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Young Social Innovators of the Year Awards 2019

Young Social Innovators of the Year Awards 2019

Young Social Innovators of the Year 2019 from Bush Post Primary School, Dundalk (Credit: Julien Behal)


Young Social Innovators of the Year Awards 2019

At a special event in Croke Park on 15 May, Bush Post Primary School, Dundalk were declared Young Social Innovators of the Year 2019 for their project Let's Talk About Consent, which aims to educate young people about what consent is in a very accessible way. They were one of 31 shortlisted teams who made their final pitches to judging panels at the event, having come through a rigorous selection process of more than 370 entries. The event was attended by Minister for Education and Skills, Joe McHugh TD, Minister of State for the Diaspora and International Development, Ciarán Cannon TD, Minister of State at the Department of Rural and Community Development, Seán Canney TD and Minister of State at the Department of Health, Catherine Byrne TD, who all presented awards.

Castleisland Community college students with Minister for Development Ciarán Cannon TD (Credit: Debbie Hickey)

Young Social Innovators (YSI), established in 2001, is dedicated to harnessing young people's energy and passion to build a fairer, more equal world. YSI's Social Innovation Action Programme raises awareness of issues concerning social justice, equality, inclusion and fairness. It is youth led and enables young people, working in teams, to take action on issues of concern to them in today's world.

In order to strengthen the Global Citizenship dimension of the awards, the Department of Foreign Affairs and Trade, through its WorldWise Global Schools programme, sponsors the Global Citizens Award, to acknowledge projects which have a global context and in which young people seek justice and equality as global citizens.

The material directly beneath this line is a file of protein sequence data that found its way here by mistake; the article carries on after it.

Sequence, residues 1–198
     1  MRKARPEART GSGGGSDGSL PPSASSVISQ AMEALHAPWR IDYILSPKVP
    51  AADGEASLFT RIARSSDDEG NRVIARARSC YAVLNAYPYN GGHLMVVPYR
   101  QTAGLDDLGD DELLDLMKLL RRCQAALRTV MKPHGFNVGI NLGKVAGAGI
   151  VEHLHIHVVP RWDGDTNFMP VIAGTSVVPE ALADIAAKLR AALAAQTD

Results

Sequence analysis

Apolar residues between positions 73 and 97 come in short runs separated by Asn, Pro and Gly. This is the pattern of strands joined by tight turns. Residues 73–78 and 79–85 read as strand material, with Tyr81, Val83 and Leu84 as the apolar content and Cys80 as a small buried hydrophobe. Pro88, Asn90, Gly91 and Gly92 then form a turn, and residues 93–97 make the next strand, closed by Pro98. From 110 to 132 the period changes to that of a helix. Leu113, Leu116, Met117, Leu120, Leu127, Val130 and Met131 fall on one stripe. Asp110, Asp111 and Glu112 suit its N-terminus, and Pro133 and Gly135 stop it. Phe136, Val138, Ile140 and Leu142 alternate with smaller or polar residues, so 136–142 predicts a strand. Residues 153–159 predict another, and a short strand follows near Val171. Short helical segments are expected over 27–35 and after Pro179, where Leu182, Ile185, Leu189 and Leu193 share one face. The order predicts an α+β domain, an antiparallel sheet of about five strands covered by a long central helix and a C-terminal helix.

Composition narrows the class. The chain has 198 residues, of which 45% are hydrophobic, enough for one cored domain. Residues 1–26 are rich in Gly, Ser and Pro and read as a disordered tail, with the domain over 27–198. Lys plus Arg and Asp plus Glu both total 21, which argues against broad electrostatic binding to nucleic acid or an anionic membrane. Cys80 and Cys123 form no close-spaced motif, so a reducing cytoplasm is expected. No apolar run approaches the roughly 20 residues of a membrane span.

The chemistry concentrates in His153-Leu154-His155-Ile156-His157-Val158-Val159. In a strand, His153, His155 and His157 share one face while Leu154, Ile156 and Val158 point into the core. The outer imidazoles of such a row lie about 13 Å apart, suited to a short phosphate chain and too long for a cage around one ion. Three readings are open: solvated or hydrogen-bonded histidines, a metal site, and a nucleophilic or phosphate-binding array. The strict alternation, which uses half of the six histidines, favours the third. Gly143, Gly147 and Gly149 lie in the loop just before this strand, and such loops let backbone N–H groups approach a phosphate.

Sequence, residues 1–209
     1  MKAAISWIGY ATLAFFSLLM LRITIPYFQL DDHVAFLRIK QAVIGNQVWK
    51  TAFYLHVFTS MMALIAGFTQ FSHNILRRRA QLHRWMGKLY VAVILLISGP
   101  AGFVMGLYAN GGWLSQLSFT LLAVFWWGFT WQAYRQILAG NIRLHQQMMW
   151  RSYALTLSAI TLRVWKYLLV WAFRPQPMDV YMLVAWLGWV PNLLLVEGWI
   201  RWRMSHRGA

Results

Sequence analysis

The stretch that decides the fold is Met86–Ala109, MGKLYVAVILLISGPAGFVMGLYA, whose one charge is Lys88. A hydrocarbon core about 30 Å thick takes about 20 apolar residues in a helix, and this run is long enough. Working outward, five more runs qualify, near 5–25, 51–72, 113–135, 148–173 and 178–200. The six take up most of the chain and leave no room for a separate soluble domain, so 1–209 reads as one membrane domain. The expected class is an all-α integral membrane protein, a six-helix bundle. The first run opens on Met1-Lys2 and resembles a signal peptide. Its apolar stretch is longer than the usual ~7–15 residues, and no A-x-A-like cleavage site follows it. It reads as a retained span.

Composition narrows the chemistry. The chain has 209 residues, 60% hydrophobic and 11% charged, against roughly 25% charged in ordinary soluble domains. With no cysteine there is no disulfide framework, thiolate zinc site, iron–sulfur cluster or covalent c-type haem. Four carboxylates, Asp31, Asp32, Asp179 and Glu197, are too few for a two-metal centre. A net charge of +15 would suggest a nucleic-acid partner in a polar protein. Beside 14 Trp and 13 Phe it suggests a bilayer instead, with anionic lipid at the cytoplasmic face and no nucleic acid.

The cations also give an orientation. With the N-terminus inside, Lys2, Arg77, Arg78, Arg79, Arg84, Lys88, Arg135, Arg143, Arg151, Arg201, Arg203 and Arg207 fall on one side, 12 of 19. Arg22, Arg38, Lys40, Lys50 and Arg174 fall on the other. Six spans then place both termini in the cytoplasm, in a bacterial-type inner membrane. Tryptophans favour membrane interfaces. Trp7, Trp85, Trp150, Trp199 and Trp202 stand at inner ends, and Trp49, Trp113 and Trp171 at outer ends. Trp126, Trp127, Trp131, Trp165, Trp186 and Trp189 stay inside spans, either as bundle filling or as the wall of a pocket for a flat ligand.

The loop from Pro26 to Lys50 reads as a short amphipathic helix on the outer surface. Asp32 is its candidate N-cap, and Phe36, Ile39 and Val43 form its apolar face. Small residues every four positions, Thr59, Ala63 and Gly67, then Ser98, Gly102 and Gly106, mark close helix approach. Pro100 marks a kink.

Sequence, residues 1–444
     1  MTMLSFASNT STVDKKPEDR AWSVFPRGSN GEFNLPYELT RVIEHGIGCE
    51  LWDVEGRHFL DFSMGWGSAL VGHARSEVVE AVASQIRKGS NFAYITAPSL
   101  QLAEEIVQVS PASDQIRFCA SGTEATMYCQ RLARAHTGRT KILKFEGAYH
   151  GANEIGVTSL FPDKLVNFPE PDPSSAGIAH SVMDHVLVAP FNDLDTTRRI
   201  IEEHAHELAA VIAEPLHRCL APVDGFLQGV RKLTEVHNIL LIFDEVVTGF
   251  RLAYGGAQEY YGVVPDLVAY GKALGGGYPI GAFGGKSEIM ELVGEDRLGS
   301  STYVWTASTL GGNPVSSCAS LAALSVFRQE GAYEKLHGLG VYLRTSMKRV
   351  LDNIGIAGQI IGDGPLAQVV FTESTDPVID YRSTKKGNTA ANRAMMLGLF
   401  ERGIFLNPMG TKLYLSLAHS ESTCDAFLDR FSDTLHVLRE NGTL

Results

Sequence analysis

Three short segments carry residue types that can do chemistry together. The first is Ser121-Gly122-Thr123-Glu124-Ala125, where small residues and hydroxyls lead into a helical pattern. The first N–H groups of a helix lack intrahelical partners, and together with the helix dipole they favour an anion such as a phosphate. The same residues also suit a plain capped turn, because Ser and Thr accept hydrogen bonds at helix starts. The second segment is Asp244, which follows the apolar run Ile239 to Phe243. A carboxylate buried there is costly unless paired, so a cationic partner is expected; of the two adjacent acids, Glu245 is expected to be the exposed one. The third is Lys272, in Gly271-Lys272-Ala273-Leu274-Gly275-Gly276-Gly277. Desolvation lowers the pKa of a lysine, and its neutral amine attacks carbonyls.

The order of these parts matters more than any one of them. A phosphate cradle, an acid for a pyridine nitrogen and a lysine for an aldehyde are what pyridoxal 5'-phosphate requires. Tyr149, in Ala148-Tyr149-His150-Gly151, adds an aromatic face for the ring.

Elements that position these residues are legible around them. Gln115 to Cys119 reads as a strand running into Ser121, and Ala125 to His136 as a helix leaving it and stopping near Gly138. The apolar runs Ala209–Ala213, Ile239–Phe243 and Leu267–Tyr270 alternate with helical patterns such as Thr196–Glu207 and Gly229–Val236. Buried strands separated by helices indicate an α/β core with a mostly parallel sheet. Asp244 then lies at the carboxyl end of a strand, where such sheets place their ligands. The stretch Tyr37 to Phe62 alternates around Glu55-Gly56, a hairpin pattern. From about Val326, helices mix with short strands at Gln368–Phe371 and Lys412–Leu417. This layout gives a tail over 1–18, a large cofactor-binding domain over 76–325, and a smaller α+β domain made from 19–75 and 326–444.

The winners of the Global Citizens Award 2019 were also the winners of the Overall Silver Award for their project We Are All Human. The YSI team from Largy College, Clones, Co. Monaghan worked tirelessly to make their community a more welcoming place for refugees, especially families from the Syrian Resettlement Programme. One of the team members herself is a refugee from Syria who also has younger siblings in the school. The team launched a book and a board game, both of which were designed to educate young people about the issues faced by refugees. They created and launched an app in association with Monaghan County Council called Monaghan Welcomes You that lists local amenities in several different languages. They designed and hosted a community event in Clones, Flight to Freedom, a 5km challenge in which participants experience the issues faced by refugees and asylum seekers. They are also working on the story for a film which will tell the story of Lilav, their Syrian classmate.

Largy College, Clones, Co. Monaghan, winners of the DFAT Global Citizens Award 2019 (Credit: Debbie Hickey)

The YSI team from Lusk Community College, Dublin also wanted to promote awareness about direct provision and multiculturalism in general through their project, Gach Duine. As well as delivering lessons to younger year groups during History and Justice Week, the team organised a school Multicultural Day and linked up with Sanctuary Runners who use sport, and running in particular, to build bridges between communities and to show that we are all equal. They created a podcast with a representative from Amnesty International as well as a video to combat stereotyping.